Authors: Owusu-Bempah, G

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Owusu-Bempah, G 2023, 'Geotechnical risks in natural recreational areas: a case study of potential geotechnical hazards in a Western Australian national park and other parts of the world', in PM Dight (ed.), SSIM 2023: Third International Slope Stability in Mining Conference, Australian Centre for Geomechanics, Perth, pp. 663-674,

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In recent years, numerous global geotechnical-related fatalities have occurred globally. These fatalities are not solely confined to the mining industry, as many tourist destinations have also experienced catastrophic events from rockfalls. While tourists enjoy their beautiful surroundings they may be unaware of the rising geotechnical risks in these locations, which may result in loss of life if not effectively addressed. Many of these holiday destinations have unfavourable ground conditions which require careful consideration, including monitoring inspections, restrictions and adequate controls. Hiking corridors, beachfront scarps and national park walkways are just a few locations known for high-risk rockfall issues, slope failures or exposed outcrops that pose a potential hazard. Unfortunately, many of these locations require access restrictions due to unstable geotechnical conditions. As the geotechnical risks in tourist locations continue to increase, the geotechnical community, local governments and the tourism industry must work together to effectively manage these hazards. Tourism regulators and local governments must engage geotechnical engineers to inspect and analyse exposed geotechnical risks and provide workable remediation controls to reduce tourist exposure to rockfall. This paper presents several case studies in the Pilbara region of Western Australia and other parts of the world to highlight the geotechnical hazards and subsequent rockfalls that tourists may become unwittingly exposed or need to be aware of. It aims to raise awareness for additional control measures such as exclusion zones through rockfall simulation that can be adopted to mitigate some of the life-threatening rockfall issues. The paper also highlights the opinions of prospective tourists on rockfall perception using sample photographs of some tourist locations based on operators’ promotional material and how these perceptions can be geotechnically interpreted remotely to highlight the risks of using Google Earth 3D and satellite imagery.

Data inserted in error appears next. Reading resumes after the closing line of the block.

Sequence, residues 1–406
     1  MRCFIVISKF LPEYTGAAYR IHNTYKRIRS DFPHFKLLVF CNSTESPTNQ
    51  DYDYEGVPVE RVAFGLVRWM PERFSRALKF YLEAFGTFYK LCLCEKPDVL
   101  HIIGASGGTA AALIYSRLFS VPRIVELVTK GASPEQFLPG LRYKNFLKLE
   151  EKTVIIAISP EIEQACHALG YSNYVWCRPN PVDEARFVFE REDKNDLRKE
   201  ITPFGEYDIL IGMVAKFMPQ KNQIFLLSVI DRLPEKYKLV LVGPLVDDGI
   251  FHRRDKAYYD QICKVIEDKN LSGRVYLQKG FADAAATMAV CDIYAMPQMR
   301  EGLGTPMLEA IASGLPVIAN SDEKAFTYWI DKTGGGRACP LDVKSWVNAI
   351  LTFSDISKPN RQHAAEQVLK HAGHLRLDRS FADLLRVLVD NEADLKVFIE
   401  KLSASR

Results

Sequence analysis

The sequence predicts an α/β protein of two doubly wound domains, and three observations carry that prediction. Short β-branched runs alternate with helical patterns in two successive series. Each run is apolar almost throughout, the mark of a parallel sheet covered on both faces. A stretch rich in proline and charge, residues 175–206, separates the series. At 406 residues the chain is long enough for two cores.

Keywords: natural hazards, tourism industry, local governments, geotechnical risk, rockfall fatalities, adverse ground condition, rockfall simulation, exclusion zones

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